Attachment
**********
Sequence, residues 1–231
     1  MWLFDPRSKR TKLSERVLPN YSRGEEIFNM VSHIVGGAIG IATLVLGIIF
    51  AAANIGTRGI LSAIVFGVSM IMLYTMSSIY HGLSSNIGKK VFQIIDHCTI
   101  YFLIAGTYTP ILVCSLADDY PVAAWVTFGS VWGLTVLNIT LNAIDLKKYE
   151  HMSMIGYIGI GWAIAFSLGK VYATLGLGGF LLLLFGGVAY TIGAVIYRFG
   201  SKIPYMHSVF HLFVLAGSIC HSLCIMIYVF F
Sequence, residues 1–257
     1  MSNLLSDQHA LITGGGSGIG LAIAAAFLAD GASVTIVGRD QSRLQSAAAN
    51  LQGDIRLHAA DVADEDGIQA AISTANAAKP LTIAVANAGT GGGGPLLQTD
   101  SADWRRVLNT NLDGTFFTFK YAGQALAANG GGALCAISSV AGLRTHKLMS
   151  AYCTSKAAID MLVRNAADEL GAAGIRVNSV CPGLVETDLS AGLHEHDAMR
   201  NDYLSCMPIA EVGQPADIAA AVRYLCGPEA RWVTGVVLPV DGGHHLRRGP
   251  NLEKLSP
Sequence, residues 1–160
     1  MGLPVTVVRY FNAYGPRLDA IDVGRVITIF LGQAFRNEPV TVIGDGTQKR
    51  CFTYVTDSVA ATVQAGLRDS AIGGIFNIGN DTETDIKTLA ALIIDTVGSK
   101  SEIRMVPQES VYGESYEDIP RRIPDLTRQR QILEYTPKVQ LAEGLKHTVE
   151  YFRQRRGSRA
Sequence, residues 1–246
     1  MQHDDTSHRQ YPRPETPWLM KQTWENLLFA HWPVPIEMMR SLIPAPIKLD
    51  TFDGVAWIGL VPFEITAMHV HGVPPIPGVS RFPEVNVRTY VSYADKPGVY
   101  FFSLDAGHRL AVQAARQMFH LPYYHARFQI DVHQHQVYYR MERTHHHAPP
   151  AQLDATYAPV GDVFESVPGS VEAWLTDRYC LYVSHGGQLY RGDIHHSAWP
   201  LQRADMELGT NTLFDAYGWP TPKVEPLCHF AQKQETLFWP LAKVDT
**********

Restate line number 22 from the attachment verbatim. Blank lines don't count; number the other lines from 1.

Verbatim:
   101  FFSLDAGHRL AVQAARQMFH LPYYHARFQI DVHQHQVYYR MERTHHHAPP